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National Clean Energy Week Unites Industry Leaders In Working Towards a Resilient Critical Mineral Supply Chain

NCEW

By coming together, we can pave a path toward a brighter future supported by a strong domestic supply chain that fuels sustainable energy. 

It’s no secret that critical minerals play a vital role in developing and producing technologies like electric vehicles, renewable electricity, and battery energy storage. Over the past year, the U.S. supply chain has been front and center in the news – from shortages of paper goods to your favorite bag of chips. While these issues may sound disconnected, today’s National Clean Energy Week (NCEW) panel, Innovation and Reducing Emissions in Carbon-Intensive Sectors, clearly they are all linked together. 

NCEW brought together an impressive panel of experts, including leaders in the domestic manufacturing, solar, and sustainable battery industries, to dive deep into the role of critical minerals and how supply chain issues impact our transition to cleaner energy sources. 

Photo Courtesy NCEW

Moderated by Philip Rossetti, Senior Fellow for Energy & Environment at R Street Institute, the panel discussion centered around the exciting future we have regarding transforming and securing our domestic supply chain of critical minerals. Panelists included: 

  • Alex Fitzsimmons, Senior Program Director, ClearPath 
  • Jordan Geist, Senior Director, Metals Division, East Penn Manufacturing Company 
  • Dan Blondal, CEO, Nano One Materials Corp. 
  • Samantha Sloan, Vice President, Global Marketing, Policy & Sustainability, First Solar Inc. 
  • Jeremy Woodrum, Senior Director of Congressional Affairs, Solar Energy Industries Association (SEIA)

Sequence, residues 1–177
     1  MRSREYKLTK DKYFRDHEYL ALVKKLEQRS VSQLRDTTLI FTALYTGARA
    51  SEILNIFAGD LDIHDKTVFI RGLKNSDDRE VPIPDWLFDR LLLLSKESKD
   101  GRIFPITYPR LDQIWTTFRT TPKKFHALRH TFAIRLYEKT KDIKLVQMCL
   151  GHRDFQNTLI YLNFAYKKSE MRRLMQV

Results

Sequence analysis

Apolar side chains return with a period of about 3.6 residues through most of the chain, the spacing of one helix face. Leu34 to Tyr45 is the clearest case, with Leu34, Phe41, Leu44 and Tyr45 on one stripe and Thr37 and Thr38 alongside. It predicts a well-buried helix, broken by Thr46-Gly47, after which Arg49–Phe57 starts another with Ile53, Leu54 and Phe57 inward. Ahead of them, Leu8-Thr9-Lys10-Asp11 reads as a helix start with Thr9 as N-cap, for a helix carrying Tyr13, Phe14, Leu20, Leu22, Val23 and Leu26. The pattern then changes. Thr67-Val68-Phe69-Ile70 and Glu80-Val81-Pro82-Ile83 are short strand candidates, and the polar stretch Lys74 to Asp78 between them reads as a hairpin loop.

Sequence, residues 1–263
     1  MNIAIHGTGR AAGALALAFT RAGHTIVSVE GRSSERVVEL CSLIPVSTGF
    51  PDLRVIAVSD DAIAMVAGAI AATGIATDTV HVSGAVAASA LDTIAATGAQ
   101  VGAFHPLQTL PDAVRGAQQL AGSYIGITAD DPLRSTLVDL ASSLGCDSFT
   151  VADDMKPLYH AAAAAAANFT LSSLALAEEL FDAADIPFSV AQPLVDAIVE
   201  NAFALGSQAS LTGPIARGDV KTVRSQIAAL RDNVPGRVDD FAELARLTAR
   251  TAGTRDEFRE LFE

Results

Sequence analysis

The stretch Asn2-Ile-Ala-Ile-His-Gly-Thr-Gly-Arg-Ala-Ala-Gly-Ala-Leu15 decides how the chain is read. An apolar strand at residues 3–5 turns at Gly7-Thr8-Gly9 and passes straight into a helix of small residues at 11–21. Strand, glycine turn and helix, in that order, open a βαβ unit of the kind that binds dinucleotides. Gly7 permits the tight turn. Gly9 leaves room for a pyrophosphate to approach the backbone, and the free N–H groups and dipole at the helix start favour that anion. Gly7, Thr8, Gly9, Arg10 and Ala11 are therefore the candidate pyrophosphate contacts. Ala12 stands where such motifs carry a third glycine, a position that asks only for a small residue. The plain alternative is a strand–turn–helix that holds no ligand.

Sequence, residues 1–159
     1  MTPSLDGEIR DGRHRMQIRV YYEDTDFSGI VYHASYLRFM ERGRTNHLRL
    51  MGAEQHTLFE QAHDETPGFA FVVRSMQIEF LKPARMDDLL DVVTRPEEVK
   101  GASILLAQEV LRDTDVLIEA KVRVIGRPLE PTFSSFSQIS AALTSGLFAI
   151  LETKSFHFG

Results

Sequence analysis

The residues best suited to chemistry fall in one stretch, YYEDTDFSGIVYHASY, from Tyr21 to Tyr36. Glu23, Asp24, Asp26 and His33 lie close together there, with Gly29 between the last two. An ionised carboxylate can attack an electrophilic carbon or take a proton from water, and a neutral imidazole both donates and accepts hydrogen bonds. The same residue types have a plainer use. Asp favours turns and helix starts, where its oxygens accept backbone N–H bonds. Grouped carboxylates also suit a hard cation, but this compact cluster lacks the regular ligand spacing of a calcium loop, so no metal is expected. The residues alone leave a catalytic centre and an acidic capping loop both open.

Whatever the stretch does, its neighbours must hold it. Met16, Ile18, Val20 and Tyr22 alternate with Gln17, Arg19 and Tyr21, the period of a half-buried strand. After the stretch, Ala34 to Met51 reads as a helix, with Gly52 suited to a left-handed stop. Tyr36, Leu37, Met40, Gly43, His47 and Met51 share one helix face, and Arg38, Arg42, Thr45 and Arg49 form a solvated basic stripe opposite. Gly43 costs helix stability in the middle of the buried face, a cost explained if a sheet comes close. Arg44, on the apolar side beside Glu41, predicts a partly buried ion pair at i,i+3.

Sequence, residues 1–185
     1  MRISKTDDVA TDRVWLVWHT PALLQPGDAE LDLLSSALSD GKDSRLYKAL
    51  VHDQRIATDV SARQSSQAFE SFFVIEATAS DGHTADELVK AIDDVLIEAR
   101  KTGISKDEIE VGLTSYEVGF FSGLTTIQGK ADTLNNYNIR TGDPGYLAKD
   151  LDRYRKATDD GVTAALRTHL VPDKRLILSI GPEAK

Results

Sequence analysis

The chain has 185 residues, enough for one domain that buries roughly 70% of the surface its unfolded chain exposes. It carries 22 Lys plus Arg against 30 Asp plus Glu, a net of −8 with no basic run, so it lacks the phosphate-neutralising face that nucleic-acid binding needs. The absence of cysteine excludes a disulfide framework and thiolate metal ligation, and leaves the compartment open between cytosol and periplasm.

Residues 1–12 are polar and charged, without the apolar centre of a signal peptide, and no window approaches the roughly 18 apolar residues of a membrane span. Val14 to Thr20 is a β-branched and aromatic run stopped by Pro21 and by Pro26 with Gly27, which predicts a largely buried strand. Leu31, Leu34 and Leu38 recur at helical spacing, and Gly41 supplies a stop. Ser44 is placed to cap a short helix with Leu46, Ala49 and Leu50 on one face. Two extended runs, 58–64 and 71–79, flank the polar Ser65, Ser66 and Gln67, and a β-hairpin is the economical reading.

America is at an important inflection point regarding critical minerals and the supply chain, with opportunities to build a more resilient domestic future. Several panelists noted our dependence on foreign suppliers for the critical minerals needed to produce and manufacture clean energy alternatives such as solar panels and lithium batteries. The group examined the impact of the war in Ukraine and Chinese supply of critical minerals. Samantha Sloan of First Solar, the only U.S.-based top-10 solar producer, noted, “one thing we can take away from the war is that when we have a dependency on an adversary, we lose control over the supply chain, and we need to protect the security of the energy supply chain.” Dan Blondal of Nano One, an innovative battery company based in Canada, added that sanctions on Russia have deeply impacted the supply of lithium and nickel, putting real constraints on the supply chain. Alex Fitzsimmons of ClearPath, a nonprofit focused on accelerating breakthrough innovations to reduce emissions, tactfully noted, “critical minerals are the lynchpin of our clean energy future, and if we don’t get this right, we don’t have an energy future that is affordable or secure.” 

The good news is that we have a strong foundation for a robust supply chain right here in our own backyard. Jordan Geist of East Penn Manufacturing Company, the world’s largest single-site battery manufacturing facility, noted the sustainable energy community could learn a lot from the lead battery industry and urged stakeholders to take advantage of our existing infrastructure. Geist detailed how the lead battery is the greatest recycling story of all time, being 99% recyclable at the end of life and the industry relying on a robust domestic supply chain that’s cyclical. 

The future of critical minerals and a robust, secure domestic supply chain is bright. New sustainable mining facilities are opening up across the country while Congress is passing legislation like the Inflation Reduction Act, which incentivizes investment in domestic sourcing and recycling. Jeremy Woodrum of Solar Energy Industries Association (SEIA), a trade association representing the solar industry, noted it’s an exciting time in the clean energy industry; it’s experiencing an uptick in domestic manufacturing alongside rising demand and, according to Jeremy, the “industry won’t look the same in two to three years as it does today.”   

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